Google Maps has just rolled out new features to boost user privacy. Now, you have more say in managing your Location History. But, be aware – these changes might shake up the analytics data marketers rely on for location targeting.
Google Maps will show Timeline Storage.
Google Maps is enhancing privacy with a significant update to the Timeline feature. Now, if you have Location History enabled, your Timeline will be stored directly on your device instead of cloud servers, giving you more control over your location data and ensuring added privacy. If you switch phones or fear losing your device, you still have the choice to back up your Timeline to the cloud. Storing data on devices and having deletion tools might reduce the location info advertisers use for targeting ads. This could affect campaigns that heavily depend on location-based targeting.
Location controls for history
When Google Maps users turn on the auto-delete feature for Location History, it now defaults to a three-month lifecycle, down from the previous 18 months. Users can customize this setting, extending the duration or turning off location tracking altogether. This shift may make users more mindful of sharing location data, influencing alterations in search patterns and potentially affecting the performance of location-based keywords and ad content.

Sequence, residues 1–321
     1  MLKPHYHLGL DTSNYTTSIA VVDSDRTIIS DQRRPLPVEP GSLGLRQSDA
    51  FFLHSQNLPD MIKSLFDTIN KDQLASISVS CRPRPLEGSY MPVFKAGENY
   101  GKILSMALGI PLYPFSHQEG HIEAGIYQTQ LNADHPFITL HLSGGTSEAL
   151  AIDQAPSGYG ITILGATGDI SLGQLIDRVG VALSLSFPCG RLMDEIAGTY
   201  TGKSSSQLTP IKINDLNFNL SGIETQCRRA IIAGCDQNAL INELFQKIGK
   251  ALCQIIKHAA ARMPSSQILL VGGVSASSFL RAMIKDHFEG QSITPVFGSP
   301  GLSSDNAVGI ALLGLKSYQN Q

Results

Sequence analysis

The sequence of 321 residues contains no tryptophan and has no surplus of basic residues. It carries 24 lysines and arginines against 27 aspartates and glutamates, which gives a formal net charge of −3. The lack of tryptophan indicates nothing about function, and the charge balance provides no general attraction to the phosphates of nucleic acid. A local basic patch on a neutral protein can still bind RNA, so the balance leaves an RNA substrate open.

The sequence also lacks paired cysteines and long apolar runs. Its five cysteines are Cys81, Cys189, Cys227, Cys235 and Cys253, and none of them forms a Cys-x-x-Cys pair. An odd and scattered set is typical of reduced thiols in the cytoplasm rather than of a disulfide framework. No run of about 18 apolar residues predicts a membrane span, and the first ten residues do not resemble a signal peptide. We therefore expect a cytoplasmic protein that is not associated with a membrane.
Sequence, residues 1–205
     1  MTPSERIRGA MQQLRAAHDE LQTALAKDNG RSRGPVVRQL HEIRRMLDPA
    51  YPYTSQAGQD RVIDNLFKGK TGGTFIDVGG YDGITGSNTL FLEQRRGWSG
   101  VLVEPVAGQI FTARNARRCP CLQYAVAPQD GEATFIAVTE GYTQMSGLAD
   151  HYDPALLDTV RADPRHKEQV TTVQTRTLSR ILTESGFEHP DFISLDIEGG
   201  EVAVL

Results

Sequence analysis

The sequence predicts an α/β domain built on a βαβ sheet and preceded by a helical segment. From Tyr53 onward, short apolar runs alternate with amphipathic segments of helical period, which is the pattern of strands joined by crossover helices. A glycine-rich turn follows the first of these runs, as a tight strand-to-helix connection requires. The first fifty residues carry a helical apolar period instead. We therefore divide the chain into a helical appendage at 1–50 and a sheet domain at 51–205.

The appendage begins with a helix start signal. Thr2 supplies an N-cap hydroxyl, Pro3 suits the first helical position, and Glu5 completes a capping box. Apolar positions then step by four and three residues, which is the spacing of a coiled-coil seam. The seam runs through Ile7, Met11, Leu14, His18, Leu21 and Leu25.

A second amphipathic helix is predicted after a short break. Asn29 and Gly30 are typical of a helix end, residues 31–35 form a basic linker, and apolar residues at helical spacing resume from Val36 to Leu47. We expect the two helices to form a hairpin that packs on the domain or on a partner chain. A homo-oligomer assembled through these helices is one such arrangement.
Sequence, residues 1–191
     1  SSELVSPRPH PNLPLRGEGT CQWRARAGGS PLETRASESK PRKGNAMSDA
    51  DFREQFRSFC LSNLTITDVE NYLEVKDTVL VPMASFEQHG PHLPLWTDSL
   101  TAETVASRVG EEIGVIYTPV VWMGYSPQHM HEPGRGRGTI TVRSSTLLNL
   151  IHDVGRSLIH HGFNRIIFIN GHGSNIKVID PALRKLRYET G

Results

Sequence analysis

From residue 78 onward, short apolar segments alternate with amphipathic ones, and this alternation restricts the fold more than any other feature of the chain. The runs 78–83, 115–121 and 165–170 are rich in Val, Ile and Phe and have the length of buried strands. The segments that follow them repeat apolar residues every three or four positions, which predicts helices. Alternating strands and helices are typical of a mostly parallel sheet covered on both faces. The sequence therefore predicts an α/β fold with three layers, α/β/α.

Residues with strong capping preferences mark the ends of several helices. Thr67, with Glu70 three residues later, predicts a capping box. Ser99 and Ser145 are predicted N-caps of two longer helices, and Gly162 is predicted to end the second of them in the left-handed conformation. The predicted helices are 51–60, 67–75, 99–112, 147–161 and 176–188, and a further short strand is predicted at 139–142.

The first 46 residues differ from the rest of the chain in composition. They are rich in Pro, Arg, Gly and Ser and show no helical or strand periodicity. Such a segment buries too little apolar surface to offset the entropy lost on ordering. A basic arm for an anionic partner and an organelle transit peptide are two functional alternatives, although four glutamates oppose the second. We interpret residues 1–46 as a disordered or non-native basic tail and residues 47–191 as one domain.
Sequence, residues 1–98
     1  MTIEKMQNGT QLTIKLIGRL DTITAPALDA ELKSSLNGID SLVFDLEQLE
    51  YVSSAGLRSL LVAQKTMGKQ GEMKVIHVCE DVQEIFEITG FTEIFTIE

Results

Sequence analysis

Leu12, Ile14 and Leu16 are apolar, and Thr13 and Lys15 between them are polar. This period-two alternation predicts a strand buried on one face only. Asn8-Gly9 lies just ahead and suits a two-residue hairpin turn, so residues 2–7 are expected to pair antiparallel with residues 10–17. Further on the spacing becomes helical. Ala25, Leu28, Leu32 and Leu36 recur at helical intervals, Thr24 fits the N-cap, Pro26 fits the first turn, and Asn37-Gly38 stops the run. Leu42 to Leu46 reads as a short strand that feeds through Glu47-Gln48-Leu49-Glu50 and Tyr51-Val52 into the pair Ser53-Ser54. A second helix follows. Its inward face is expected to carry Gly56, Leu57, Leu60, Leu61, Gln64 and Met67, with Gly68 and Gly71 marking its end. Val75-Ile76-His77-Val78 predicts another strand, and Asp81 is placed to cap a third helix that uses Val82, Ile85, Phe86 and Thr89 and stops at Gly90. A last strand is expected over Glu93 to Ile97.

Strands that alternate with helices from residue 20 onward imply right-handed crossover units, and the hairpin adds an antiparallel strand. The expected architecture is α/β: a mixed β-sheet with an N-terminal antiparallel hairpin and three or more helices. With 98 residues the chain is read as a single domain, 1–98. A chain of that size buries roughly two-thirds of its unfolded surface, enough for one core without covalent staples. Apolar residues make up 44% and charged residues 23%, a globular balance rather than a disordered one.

Ads that focus on user privacy and control could connect better with users. This could mean showcasing opt-in options for location sharing or being upfront about transparent data usage policies.
Delete Google Maps Location History
In the next few weeks, Google Maps will let you manage location info for specific places in the app. Also, the blue dot on the map showing your current location will now be a shortcut to location settings. With a quick tap, you can check if Location History or Timeline is on and if Maps can use your device’s location data. This could be handy for holiday shopping or planning surprises, letting you keep your digital trail under wraps.
If Google Maps reduces location data, relying on user interests and online behavior for contextual targeting could become crucial. These updates, coming to Android and iOS over the next year, show Google’s dedication to user privacy.